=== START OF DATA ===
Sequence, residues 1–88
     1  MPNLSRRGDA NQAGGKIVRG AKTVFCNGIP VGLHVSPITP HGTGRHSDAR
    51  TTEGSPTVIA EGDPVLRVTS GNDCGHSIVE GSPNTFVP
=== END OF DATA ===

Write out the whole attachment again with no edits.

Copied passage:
Sequence, residues 1–88
     1  MPNLSRRGDA NQAGGKIVRG AKTVFCNGIP VGLHVSPITP HGTGRHSDAR
    51  TTEGSPTVIA EGDPVLRVTS GNDCGHSIVE GSPNTFVP